Monday, March 02, 2009

Tweet

Though even the oldest among us can see that Facebook represents a marvellous saving on stamps, Twitter emphasises its desirability by being unfathomable to anyone a bit inflexible or busy who is neither a self-promoter nor an exhibitionist. Why would you want to answer the question "What are you doing?" in up to 140 characters? If such questions only betray one's dizzying proximity to the grave, there is also much on Twitter to comfort the mature visitor. The abundance of tweets, even from more dashing contributors, saying things like "about to have breakfast", "too tired", or "Masterchef final was very good" confirms that age has finally surrendered its monopoly on unembarrassed inanity. Indeed, when the first genuinely interesting tweet is posted, as in "looking down at my grey, motionless body", or the simpler "dying", it is likely to come from an older subscriber.
Catherine Bennett is an Observer columnist. These are her views, not mine. I link to them because I find them funny. I appreciate that several of you are quite enthusiastic about Twitter. I do not share your fervour but then nor do I watch Battlestar Galactica or take any interest in sport. Each to his/her own. Please do not hit me.

Oh look it's 1988 and we are just in time to see Mr Tony Wilson introduce The Fall:

6 comments:

Robyn said...

The abundance of tweets, even from more dashing contributors, saying things like "about to have breakfast", "too tired", or "Masterchef final was very good" confirms that age has finally surrendered its monopoly on unembarrassed inanity.

Oh dear.

Not everything you can read online is intended for you to read, which can be difficult to grasp for someone coming from the old days of print where everything was written for a mass audience.

In ordinary life, we casually chat with our friends about what we had for breakfast, that we're tired, and about the Masterchef final and no one considers that inane. It's casual conversation. It's not supposed to be deep and meaningful.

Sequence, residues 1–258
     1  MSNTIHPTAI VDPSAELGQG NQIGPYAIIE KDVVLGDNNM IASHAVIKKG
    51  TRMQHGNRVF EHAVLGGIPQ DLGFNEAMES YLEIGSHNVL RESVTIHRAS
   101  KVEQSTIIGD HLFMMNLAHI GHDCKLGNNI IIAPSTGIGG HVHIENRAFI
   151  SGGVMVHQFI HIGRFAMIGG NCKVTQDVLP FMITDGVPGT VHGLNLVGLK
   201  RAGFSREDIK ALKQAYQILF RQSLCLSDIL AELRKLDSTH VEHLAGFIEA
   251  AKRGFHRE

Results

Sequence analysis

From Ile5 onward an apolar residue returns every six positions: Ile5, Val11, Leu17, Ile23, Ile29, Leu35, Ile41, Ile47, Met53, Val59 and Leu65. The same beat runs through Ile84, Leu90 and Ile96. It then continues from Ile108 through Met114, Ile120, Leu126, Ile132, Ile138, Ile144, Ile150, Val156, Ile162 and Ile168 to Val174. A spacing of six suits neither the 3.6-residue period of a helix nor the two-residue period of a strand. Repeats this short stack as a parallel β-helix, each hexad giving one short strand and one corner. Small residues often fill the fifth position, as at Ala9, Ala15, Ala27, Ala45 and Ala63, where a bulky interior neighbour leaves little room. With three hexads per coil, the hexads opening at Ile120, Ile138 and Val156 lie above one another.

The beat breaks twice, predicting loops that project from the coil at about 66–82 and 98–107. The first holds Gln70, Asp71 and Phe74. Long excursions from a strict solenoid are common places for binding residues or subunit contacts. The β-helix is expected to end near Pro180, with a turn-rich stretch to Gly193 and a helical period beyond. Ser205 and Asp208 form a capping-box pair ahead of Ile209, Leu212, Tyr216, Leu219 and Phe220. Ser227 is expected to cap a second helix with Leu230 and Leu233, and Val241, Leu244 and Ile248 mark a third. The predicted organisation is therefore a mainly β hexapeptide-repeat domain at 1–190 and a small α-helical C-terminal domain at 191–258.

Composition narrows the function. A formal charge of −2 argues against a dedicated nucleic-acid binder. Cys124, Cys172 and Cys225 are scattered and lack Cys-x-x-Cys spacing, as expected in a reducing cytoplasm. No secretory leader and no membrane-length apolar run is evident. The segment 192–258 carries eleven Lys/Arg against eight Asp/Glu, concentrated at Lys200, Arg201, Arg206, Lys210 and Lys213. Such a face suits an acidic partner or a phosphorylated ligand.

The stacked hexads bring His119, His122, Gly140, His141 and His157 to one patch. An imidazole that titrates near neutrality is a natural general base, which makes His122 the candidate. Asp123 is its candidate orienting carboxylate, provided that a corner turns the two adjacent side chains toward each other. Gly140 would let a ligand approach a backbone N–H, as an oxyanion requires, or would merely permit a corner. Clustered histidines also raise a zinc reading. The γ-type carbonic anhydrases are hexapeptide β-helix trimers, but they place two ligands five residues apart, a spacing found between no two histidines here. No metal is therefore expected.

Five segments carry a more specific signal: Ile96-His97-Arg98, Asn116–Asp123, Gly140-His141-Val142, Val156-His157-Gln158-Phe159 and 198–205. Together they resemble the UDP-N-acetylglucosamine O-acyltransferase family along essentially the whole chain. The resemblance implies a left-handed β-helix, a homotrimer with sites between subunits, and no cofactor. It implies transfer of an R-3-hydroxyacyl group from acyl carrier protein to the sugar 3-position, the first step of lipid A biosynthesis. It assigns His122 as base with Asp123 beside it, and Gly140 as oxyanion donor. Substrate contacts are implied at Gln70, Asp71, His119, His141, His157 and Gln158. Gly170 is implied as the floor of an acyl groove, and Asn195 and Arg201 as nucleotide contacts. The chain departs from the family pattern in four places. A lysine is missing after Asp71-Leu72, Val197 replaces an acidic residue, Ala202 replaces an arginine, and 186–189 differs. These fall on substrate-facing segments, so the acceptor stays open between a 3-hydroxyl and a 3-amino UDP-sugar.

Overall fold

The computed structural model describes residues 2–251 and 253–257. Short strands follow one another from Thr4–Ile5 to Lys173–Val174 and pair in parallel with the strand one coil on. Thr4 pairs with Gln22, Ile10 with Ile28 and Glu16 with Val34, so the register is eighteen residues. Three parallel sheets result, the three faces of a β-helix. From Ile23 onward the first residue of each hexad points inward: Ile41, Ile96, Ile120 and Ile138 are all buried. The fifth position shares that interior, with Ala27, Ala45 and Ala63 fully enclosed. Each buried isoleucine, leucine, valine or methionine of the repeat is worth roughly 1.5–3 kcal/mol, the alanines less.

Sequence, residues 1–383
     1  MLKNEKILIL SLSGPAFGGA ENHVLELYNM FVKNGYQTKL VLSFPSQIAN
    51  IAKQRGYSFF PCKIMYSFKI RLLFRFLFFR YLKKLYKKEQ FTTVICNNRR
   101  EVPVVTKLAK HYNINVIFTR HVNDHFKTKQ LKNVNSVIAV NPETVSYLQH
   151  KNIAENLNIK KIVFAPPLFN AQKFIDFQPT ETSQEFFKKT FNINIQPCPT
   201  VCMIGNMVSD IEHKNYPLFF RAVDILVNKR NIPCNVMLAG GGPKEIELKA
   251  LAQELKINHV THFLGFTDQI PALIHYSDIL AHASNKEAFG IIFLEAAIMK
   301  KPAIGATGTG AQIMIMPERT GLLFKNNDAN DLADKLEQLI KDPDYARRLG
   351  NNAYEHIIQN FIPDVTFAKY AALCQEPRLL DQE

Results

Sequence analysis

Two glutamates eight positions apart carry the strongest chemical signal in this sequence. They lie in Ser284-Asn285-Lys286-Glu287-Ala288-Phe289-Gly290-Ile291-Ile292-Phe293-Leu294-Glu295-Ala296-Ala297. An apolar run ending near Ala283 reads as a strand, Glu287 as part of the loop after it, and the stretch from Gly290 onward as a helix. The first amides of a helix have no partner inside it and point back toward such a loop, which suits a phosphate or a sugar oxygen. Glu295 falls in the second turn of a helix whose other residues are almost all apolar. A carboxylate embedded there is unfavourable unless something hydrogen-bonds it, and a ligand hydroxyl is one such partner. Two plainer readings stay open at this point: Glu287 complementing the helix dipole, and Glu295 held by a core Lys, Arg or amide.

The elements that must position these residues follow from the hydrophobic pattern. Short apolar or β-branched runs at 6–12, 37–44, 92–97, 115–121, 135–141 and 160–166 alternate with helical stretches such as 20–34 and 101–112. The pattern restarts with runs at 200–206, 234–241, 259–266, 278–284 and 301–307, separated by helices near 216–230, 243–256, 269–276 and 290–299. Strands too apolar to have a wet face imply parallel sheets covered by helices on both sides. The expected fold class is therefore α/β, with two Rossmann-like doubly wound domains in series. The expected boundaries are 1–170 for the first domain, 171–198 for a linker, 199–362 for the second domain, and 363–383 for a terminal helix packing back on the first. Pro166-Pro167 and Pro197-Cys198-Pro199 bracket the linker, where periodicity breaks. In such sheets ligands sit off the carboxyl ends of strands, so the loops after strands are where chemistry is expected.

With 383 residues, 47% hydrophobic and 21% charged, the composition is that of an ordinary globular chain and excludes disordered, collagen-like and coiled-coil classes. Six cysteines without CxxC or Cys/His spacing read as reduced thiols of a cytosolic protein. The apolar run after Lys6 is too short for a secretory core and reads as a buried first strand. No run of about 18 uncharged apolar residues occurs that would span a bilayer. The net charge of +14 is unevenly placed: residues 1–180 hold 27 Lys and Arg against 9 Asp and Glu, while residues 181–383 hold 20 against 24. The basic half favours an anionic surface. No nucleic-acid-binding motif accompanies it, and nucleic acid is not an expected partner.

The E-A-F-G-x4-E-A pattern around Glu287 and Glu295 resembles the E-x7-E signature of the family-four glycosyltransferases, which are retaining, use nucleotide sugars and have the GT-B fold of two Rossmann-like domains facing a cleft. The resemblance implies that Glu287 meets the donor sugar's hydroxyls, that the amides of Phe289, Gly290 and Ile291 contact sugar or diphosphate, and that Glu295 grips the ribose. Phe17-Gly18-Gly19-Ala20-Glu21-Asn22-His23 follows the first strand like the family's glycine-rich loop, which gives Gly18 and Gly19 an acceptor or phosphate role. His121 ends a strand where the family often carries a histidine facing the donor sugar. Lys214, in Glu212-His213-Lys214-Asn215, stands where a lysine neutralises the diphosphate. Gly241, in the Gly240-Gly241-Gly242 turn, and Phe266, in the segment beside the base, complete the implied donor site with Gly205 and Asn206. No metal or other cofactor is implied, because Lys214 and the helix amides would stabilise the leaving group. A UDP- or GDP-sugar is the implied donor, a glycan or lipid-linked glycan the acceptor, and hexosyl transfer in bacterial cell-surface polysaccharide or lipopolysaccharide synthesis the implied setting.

But somehow when it's on a webpage instead of verbal it becomes inane. Nah, I don't buy that. It's someone from an older generation who can't grasp casual conversation appearing in written form.

Excuse me. I must now go and clip my fingernails.

harvestbird said...

The eternally recurring post/comment; I cannot resist.

Online trends are frequently diagnosed in other media as narcissism, exhibitionism or incipient mental illness, but then so are any number of my interests by members of the wider public and indeed my extended family.

(Of course they are right about the mental illness, but it was never my hobbies that gave that away.)

Make Tea Not War said...

I don't like to think of myself as a snob & an early adopter wannabe but something about the way everybody is jumping on the twitter bandwagon is making me want to jump to the next thing whatever that may be

I agree with Robyn that twitter is a medium of casual conversation & just like in everyday life there are life and death type moments being recorded there amidst the more general chat e.g Martha twittered during her labour

stephen said...

This seems apropos:

http://www.qwantz.com/archive/001417.html

Lita said...

I thought you said "Please do not hit on me".

Oo, I'm gonna tweet this.

Paul said...

You are most welcome to hit on me.